Sleep apnea (also called obstructed sleep apnea or OSA) is a condition where the soft tissue at the back of the throat collapses into the airways during sleep. This can cut off the normal flow of air, causing symptoms such as snoring, choking, and gasping for air. Often, the interruptions to sleep can be quite subtle and a person does not realize they have sleep apnea until other issues arise. The severity of the sleep disruption varies greatly. Some have their sleep interrupted dozens of times a night and not being aware, while others may find themselves waking up and gasping for air or choking multiple times a night. Snoring is not necessarily a sign of sleep apnea and sleep apnea can occur without snoring.
Anyone can develop obstructive sleep apnea, but it is more likely in people with the following characteristics:
Interrupted sleep can have multiple adverse affects on a person’s health. Too little or poor rest can cause a variety of issues such as daytime sleepiness, irritability, and difficulty concentrating. Being sleepy or unable to concentrate can also increase a person’s risk of being in a car accident. Sleep apnea is also associated with type II diabetes, obesity, heart attack, stroke, and depression. If the disruption of airflow is severe there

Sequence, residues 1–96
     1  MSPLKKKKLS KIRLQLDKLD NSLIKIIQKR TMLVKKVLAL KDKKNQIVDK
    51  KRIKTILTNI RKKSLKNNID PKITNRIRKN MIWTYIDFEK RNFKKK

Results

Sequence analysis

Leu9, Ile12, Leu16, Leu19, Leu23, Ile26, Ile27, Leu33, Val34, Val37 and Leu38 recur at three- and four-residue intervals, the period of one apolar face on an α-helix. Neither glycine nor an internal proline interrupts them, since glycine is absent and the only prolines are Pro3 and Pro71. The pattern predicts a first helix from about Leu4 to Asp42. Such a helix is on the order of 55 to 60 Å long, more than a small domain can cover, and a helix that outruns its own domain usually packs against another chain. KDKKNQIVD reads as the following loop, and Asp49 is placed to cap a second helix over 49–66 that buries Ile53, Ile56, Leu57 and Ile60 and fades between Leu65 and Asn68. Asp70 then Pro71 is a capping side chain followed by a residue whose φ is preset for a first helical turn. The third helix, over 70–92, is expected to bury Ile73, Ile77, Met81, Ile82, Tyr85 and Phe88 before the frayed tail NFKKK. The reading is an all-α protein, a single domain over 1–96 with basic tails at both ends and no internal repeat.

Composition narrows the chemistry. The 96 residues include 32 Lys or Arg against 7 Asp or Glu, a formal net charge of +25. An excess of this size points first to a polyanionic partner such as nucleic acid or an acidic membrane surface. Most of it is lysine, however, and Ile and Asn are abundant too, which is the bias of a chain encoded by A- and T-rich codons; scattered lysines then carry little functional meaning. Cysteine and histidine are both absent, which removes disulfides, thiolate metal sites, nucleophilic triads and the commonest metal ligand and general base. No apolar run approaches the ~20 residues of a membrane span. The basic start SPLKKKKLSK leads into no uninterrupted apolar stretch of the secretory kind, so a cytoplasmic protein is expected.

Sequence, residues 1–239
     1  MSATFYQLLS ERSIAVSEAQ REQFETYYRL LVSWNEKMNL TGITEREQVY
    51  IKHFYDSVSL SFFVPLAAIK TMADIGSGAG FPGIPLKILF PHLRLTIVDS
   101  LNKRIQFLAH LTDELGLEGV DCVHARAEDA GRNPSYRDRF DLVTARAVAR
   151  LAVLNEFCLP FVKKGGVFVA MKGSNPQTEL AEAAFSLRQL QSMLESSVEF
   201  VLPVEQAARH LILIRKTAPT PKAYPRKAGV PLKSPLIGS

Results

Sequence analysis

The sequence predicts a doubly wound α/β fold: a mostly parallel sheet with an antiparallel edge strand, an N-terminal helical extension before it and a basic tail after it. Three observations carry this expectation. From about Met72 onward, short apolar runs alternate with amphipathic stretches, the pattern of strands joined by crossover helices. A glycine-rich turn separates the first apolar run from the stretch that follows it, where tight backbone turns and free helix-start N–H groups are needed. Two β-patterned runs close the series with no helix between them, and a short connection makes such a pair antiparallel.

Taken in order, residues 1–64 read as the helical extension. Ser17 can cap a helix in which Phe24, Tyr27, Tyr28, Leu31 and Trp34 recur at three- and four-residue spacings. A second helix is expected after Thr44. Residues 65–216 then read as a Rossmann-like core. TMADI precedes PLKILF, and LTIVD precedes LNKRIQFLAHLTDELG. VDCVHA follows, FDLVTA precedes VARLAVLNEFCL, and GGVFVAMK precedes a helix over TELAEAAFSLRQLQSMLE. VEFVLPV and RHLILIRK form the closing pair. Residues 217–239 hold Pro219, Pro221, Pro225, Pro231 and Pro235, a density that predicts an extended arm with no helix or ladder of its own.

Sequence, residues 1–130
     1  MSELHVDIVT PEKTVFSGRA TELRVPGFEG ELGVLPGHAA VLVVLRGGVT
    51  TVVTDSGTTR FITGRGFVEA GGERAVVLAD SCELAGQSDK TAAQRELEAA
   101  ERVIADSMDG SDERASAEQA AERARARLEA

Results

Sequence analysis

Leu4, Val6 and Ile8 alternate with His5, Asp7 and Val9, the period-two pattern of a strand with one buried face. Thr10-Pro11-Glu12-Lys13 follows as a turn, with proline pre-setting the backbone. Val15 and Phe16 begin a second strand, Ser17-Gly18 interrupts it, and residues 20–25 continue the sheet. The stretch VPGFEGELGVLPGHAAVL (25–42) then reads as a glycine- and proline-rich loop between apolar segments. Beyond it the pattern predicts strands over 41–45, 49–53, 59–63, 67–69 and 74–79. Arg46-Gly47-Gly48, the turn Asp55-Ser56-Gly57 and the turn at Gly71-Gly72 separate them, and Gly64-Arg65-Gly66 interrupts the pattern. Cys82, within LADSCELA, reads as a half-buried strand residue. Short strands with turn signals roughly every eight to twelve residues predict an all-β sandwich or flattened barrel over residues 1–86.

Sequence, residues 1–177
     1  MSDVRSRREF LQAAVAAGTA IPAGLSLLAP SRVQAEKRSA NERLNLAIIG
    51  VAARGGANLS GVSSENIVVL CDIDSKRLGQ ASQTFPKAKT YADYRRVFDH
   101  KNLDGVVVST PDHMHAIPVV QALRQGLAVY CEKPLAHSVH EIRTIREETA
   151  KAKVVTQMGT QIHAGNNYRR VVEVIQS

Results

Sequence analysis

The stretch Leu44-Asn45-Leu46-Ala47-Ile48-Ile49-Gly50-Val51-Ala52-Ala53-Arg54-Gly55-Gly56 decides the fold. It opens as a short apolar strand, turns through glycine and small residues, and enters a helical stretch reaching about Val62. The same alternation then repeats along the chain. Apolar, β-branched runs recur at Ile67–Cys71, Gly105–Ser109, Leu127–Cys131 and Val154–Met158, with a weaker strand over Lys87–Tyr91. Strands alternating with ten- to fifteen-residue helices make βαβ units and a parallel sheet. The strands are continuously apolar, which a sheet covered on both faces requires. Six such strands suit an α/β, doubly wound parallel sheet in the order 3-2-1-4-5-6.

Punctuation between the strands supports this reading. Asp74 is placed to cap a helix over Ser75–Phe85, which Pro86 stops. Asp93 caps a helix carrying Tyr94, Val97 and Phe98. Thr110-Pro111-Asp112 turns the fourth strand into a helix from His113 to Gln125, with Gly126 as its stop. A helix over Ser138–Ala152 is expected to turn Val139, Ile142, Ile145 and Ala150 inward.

Dr. Nikpourfard may suggest a device to be used while the patient is sleeping to gently shift the lower jaw slightly forward to help keep the airway open and unobstructed while you sleep. The device is made from state-of-the-art materials and custom-crafted to fit your mouth which makes it very comfortable to wear. Other devices include oxygen masks or devices like a Continuous Positive Airway Pressure (CPAP) machines to ensure sufficient oxygen absorption.
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